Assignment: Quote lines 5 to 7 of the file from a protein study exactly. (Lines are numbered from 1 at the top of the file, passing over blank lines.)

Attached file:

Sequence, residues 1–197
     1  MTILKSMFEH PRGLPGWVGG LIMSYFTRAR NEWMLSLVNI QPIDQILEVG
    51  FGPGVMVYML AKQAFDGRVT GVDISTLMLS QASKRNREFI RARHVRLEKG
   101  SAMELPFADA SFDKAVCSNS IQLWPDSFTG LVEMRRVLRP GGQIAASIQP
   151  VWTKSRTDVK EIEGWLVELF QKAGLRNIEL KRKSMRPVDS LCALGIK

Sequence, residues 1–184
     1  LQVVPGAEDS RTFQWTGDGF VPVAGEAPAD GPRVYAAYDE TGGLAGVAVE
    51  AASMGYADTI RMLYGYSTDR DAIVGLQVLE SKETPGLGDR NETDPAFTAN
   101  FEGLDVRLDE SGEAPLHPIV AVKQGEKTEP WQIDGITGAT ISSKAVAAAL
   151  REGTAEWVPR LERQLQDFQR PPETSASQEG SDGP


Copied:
   151  VWTKSRTDVK EIEGWLVELF QKAGLRNIEL KRKSMRPVDS LCALGIK

Sequence, residues 1–184
     1  LQVVPGAEDS RTFQWTGDGF VPVAGEAPAD GPRVYAAYDE TGGLAGVAVE